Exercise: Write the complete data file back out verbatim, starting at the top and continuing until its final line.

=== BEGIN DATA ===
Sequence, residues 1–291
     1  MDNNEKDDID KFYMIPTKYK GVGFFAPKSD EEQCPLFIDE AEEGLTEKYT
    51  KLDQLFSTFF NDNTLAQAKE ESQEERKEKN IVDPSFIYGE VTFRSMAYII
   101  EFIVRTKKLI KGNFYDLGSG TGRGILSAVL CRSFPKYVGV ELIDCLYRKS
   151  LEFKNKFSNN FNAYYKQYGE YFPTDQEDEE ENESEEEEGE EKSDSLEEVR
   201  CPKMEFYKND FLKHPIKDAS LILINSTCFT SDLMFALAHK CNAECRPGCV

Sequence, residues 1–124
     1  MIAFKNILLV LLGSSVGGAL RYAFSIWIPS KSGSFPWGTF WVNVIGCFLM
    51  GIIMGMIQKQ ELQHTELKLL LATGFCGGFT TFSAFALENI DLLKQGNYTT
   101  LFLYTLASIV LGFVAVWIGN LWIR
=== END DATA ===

Sequence, residues 1–291
     1  MDNNEKDDID KFYMIPTKYK GVGFFAPKSD EEQCPLFIDE AEEGLTEKYT
    51  KLDQLFSTFF NDNTLAQAKE ESQEERKEKN IVDPSFIYGE VTFRSMAYII
   101  EFIVRTKKLI KGNFYDLGSG TGRGILSAVL CRSFPKYVGV ELIDCLYRKS
   151  LEFKNKFSNN FNAYYKQYGE YFPTDQEDEE ENESEEEEGE EKSDSLEEVR
   201  CPKMEFYKND FLKHPIKDAS LILINSTCFT SDLMFALAHK CNAECRPGCV

Sequence, residues 1–124
     1  MIAFKNILLV LLGSSVGGAL RYAFSIWIPS KSGSFPWGTF WVNVIGCFLM
    51  GIIMGMIQKQ ELQHTELKLL LATGFCGGFT TFSAFALENI DLLKQGNYTT
   101  LFLYTLASIV LGFVAVWIGN LWIR